(b. 1493, Firenze, d. 1560, Firenze)

Hercules and Cacus

Marble, height 505 cm
Piazza della Signoria, Florence

The genesis of Hercules and Cacus dates to 1508 when a marble block was ordered for Michelangelo to carve as a counterpart to the David. However, the marble was not delivered until 1525 and was given to Bandinelli as Michelangelo was working on the Medici Chapel. His first model was incompatible with the block but he continued on the project through the 1527 expulsion of the Medici. In 1528, with the republicans in control, Michelangelo was given the block for a Samson and Philistine but after the Medici return in 1530 he was instructed to resume work in the chapel and Bandinelli to continue the Hercules and Cacus. After seeing it installed as a pendant to the David in the vast Piazza, Bandinelli concluded that the muscles were "too sweet" and further exaggerated it.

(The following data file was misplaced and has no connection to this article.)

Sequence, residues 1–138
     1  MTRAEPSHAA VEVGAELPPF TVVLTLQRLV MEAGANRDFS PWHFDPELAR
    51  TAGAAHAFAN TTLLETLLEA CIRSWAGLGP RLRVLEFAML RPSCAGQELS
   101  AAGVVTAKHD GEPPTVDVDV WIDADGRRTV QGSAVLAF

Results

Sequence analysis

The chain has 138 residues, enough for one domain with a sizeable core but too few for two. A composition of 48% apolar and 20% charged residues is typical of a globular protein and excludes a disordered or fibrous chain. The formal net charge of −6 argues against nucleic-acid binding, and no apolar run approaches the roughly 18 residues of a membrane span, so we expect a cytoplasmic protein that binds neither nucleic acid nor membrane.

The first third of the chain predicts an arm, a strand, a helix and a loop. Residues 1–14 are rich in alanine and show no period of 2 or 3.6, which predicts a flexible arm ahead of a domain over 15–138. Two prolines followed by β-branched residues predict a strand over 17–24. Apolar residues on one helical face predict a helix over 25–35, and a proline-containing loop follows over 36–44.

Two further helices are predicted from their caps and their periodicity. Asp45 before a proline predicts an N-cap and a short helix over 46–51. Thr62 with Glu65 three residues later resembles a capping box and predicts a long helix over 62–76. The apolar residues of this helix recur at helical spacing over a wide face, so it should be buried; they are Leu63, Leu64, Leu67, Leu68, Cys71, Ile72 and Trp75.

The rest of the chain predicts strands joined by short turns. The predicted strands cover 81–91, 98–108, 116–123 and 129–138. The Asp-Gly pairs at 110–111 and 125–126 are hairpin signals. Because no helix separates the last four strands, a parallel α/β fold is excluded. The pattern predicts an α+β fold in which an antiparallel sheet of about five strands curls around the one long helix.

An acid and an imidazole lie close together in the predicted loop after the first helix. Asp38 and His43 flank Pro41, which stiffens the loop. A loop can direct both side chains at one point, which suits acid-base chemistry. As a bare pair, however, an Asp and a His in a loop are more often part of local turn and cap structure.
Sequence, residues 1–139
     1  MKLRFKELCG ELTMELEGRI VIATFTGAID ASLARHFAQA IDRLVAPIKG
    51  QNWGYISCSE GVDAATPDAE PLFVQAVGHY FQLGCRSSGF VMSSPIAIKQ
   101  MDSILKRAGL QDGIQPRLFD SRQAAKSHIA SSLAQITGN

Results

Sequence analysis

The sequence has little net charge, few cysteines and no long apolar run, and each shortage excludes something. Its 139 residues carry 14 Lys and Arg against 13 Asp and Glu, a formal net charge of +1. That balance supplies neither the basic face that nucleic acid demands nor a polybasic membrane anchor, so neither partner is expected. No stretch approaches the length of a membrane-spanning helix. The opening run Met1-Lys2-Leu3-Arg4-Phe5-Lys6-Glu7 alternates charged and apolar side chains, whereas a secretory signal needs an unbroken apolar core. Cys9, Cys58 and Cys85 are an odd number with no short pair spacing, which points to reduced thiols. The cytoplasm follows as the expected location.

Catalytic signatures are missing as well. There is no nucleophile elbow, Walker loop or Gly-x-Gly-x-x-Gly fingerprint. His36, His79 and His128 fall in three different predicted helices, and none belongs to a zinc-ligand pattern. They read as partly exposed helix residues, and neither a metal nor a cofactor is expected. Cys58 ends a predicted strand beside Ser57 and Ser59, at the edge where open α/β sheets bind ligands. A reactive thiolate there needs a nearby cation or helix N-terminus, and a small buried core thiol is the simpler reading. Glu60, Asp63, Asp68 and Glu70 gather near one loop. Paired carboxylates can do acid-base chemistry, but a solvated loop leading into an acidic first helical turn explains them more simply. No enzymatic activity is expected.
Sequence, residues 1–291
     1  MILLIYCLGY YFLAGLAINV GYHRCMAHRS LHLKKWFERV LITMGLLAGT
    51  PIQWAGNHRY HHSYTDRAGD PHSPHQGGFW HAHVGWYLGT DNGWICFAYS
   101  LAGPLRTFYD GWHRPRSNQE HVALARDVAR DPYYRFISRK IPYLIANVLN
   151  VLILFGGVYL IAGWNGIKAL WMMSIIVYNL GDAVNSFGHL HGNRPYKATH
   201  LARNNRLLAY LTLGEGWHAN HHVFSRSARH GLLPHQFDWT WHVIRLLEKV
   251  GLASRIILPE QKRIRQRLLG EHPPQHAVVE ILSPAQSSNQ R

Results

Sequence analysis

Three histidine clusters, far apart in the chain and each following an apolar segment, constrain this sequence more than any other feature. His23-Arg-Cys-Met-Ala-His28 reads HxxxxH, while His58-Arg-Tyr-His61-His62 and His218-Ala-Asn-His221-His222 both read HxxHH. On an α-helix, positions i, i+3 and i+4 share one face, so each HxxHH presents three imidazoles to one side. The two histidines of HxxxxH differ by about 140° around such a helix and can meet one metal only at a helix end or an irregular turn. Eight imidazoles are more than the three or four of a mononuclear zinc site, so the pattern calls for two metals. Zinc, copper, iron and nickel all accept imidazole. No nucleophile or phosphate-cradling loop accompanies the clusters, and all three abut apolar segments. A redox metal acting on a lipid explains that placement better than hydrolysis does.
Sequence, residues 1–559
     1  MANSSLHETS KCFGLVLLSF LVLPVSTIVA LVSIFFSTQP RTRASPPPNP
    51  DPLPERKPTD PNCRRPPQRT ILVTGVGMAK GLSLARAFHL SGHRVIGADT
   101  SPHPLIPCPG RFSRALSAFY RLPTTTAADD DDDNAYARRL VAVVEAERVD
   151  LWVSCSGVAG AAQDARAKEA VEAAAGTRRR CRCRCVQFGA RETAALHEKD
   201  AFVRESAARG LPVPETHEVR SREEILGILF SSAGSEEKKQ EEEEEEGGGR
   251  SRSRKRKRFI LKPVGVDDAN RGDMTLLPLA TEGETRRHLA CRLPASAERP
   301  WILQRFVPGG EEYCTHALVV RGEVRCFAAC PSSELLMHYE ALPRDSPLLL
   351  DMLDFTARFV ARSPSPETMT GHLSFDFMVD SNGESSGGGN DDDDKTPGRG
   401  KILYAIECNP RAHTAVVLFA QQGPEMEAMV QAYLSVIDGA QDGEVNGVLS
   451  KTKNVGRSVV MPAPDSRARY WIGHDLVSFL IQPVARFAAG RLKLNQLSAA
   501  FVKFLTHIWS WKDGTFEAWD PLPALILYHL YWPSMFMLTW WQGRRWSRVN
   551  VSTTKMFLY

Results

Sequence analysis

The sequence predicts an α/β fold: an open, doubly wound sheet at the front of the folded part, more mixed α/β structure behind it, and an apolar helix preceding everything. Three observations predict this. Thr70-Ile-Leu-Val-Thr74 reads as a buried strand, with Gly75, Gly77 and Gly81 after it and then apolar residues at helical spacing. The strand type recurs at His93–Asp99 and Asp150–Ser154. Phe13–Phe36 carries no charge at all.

The basic theme of victor over vanquished seems forced and devoid of tension in comparison to Michelangelo's Victory. In trying to outdo the David, it is rigidly posed and the facial grimaces are like deeply drilled caricatures.